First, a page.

October home prices post biggest gain of 2023, despite higher mortgage rates, says S&P Case-Shiller

Real Estate

A “sale pending” sign is posted in front of a home for sale on November 30, 2023 in San Anselmo, California. According to a report by the National Association of Realtors, pending home sales fell 1.5 percent in October to their lowest level in 20 years. (Photo by Justin Sullivan/Getty Images)
Justin Sullivan | Getty Images News | Getty Images

Home prices rose 4.8% nationally in October compared with October 2022, according to the S&P CoreLogic Case-Shiller home price index. That’s a jump from the 4% annual increase in September and marks the strongest annual gain seen in 2023.

The 10-city composite rose 5.7%, up from a 4.8% increase in the previous month. The 20-city composite rose 4.9%, up from a 3.9% advance in September.

The strength in home prices came despite a sharp rise in mortgage interest rates in October. The average rate on the 30-year fixed loan crossed 8% on Oct. 19, according to Mortgage News Daily. That was the highest level in more than two decades. Rates, however, dropped steadily through November and more sharply in December, with the 30-year fixed rate now hovering around 6.7%.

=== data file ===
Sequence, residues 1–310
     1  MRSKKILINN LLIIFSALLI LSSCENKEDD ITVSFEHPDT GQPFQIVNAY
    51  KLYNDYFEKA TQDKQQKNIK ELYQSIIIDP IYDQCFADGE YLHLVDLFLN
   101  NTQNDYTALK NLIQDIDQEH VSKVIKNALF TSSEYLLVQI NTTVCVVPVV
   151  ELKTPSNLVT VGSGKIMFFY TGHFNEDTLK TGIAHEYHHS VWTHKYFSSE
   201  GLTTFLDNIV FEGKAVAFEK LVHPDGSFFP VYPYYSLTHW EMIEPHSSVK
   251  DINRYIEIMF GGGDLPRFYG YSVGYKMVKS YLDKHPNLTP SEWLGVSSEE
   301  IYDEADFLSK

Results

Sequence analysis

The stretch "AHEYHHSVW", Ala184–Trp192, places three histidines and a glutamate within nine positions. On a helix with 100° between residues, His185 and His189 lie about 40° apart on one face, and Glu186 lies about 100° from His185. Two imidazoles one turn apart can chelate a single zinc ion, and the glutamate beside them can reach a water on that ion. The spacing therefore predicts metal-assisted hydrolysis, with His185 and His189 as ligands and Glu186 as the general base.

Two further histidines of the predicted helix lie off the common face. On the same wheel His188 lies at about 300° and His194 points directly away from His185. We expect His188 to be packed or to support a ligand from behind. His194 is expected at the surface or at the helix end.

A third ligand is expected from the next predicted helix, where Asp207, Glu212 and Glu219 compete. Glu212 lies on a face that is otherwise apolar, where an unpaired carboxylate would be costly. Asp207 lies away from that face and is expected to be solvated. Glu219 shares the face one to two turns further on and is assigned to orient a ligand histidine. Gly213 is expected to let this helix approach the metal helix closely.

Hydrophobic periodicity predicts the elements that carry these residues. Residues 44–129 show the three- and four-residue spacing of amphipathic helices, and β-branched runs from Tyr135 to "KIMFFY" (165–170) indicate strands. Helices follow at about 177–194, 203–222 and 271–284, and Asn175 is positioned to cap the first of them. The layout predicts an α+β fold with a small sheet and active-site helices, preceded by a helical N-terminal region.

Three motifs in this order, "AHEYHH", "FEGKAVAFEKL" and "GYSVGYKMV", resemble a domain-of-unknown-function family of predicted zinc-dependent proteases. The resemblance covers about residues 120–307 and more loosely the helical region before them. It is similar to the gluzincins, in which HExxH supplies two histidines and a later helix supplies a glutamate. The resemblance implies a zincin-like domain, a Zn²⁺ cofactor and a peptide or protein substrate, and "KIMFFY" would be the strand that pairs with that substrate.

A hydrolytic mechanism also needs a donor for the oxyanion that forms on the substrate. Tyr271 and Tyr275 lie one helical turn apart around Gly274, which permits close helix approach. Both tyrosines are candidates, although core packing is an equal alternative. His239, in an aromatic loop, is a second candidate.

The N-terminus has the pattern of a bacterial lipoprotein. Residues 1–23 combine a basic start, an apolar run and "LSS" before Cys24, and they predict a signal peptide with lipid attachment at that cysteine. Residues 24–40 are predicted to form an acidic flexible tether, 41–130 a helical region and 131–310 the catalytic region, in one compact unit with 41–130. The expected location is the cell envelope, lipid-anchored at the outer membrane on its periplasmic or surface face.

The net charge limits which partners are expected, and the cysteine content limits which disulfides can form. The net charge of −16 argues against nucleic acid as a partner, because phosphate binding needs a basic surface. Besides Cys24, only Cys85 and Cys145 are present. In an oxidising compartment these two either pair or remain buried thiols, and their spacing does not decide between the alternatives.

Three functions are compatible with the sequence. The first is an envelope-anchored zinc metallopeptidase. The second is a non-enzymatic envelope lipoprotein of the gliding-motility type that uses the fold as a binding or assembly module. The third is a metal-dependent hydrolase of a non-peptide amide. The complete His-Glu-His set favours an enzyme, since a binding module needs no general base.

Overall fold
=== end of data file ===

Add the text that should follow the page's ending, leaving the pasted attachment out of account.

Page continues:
“Home prices leaned into the highest mortgage rates recorded in this market cycle and continued to push higher,” said Brian Luke, head of commodities, real & digital assets at S&P DJI, in a release. “With mortgage rates easing and the Federal Reserve guiding toward a slightly more accommodative stance, homeowners may be poised to see more appreciation.”

Among the top 20 cities, Detroit reported the largest year-over-year gain in home prices at 8.1% in October. San Diego followed with a 7.2% increase and then New York with a 7.1% gain. Home prices in Portland, Oregon, fell 0.6%, the only city in the index showing lower prices in October versus a year ago.

“Home price gains in the CoreLogic S&P Case-Shiller Index have increased by 7% since the beginning of the year and are 1% higher than at the peak in 2022, recovering all losses recorded in the second half of 2022,” said Selma Hepp, chief economist at CoreLogic. “Given the stronger seasonal gains seen in early 2023, annual home price appreciation should accelerate this winter before slowing again next year.”

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